Shapo­valov get­ting com­fort­able with daunt­ing de­ci­sion to turn pro­fes­sional

Cape Breton Post - - SPORTS - BY RYAN MCKENNA

De­nis Shapo­valov’s tran­si­tion to pro­fes­sional ten­nis hasn’t come with­out its strug­gles.

An an­kle in­jury suf­fered last fall while train­ing made the 17-year-old Cana­dian prospect won­der whether turn­ing pro was the right move. Shapo­valov had even en­tered into the ju­nior tour­na­ment at the Aus­tralian Open in hopes of get­ting some more play­ing time.

But af­ter chat­ting with his team, it was de­cided that there wasn’t any point in go­ing back to the ju­nior ranks.

“If I com­mit to pros, I re­ally got to stick to it and I think it was a good de­ci­sion,” Shapo­valov said in a phone in­ter­view from Ottawa, where he’s pre­par­ing for this week­end’s Davis Cup World Group tie against Bri­tain.

Shapo­valov, from Rich­mond Hill, Ont., orig­i­nally de­cided to jump from ju­niors to the pros af­ter win­ning the Wim­ble­don boys sin­gles ti­tle last July. In­creased travel de­mands, how­ever, have re­sulted in Shapo­valov be­ing home for only a few days so far this year.

“Ob­vi­ously it’s tough, miss­ing my par­ents, fam­ily in gen­eral but I’m get­ting used to it,” Shapo­valov said.

“It’s the life and hope­fully I’ll get some time to go home maybe for a week or a bit to catch up on things.”

Shapo­valov, cur­rently ranked No. 234 in the world, broke into the spot­light in 2016. Along with the Wim­ble­don vic­tory, he shocked cur­rent world No. 15 Nick Kyr­gios in the first round of the Rogers Cup in Toronto and earned a Davis Cup sin­gles vic­tory in his de­but against Chile in Septem­ber.

Shapo­valov has car­ried that mo­men­tum into this year and al­ready has a vic­tory over Pierre-Hugues Her­bert of France, then ranked No. 76, in the round of 16 at the East Ho­tel Can­berra Chal­lenger in Aus­tralia.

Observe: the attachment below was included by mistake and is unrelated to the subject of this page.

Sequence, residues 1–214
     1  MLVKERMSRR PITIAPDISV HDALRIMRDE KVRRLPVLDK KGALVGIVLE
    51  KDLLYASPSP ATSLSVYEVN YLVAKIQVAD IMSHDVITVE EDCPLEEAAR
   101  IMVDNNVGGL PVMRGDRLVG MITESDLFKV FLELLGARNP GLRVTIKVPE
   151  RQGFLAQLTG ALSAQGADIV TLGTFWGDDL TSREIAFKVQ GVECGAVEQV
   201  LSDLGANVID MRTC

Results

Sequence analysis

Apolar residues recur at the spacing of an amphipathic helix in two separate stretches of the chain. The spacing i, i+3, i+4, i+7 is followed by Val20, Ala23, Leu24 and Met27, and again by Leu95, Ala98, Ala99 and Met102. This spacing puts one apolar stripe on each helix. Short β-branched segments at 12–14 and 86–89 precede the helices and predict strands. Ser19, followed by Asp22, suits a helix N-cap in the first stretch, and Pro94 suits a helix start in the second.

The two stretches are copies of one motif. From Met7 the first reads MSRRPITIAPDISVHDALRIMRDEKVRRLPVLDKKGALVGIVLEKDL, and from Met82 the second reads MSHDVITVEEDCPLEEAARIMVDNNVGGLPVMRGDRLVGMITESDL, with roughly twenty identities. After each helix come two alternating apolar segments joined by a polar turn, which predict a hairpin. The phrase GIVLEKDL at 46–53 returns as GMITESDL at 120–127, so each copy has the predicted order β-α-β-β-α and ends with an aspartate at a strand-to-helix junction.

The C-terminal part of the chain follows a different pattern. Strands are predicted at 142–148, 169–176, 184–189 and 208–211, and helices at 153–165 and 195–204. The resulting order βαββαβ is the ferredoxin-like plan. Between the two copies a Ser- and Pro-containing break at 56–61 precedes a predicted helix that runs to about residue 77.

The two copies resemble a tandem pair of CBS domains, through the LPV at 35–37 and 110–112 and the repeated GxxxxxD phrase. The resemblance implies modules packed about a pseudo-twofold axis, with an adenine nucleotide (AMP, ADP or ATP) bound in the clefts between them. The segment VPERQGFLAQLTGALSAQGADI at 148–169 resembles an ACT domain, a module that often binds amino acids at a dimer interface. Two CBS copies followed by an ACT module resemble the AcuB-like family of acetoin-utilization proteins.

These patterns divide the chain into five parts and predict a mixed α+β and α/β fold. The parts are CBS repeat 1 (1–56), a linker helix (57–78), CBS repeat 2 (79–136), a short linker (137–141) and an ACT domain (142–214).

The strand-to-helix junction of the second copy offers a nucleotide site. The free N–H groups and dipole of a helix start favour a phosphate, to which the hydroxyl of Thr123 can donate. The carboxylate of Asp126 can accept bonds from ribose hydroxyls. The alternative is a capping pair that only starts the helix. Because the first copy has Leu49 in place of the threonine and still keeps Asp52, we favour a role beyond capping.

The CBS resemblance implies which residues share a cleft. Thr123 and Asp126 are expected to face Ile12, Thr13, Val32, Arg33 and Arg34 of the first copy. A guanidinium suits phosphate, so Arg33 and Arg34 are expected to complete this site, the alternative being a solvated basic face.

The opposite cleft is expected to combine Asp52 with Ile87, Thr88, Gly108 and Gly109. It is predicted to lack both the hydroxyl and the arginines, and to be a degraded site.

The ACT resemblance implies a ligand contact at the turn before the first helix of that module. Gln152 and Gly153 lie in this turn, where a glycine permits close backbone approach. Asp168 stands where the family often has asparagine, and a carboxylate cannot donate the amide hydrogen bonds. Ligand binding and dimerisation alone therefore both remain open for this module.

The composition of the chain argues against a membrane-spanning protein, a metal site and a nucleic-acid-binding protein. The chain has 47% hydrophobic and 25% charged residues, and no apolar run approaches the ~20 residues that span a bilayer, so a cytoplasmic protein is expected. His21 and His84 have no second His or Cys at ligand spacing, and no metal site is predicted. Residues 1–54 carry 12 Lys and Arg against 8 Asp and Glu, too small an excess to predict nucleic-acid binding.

The south­paw un­der­went a coach­ing switch in the off­sea­son, split­ting with Adri­ano Fuorivia, who he had worked with for over four years. Cana­dian Davis Cup cap­tain Martin Lau­ren­deau was hired as his re­place­ment.

Shapo­valov says that he and Fuorivia are on good terms de­spite part­ing ways.

“Adri­ano thought that some­one with more ex­pe­ri­ence like Marty would be a good ben­e­fit to my team,” Shapo­valov said. “It was noth­ing that hap­pened be­tween us, it was just more of a de­ci­sion that we made to­gether.”

Lau­ren­deau said join­ing forces with the six-foot, 132pound is a good fit, as the 52-year-old is also re­spon­si­ble for Ten­nis Canada’s tran­si­tion pro­gram.

“He’s the best 1999 born in the world,” Lau­ren­deau said. “We have a great prospect in our hands.”

Although Lau­ren­deau praises Shapo­valov’s abil­ity, he cau­tioned that the teenager is cur­rently is a key tran­si­tion pe­riod.

“It’s where they ei­ther make it or break,” Lau­ren­deau said. “It’s not a given that if you’re a top ju­nior in the world that you au­to­mat­i­cally be­come a top player in the men’s game.

“You have to be pa­tient and dis­ci­plined and just go through the steps and just make sure we man­age that ca­reer care­fully with wild­cards. You don’t have to speed up some­body so fast that you burn some steps, but you don’t want to hold him down ei­ther so it’s al­ways a fine bal­ance and that’s the chal­lenge.”

Shapo­valov

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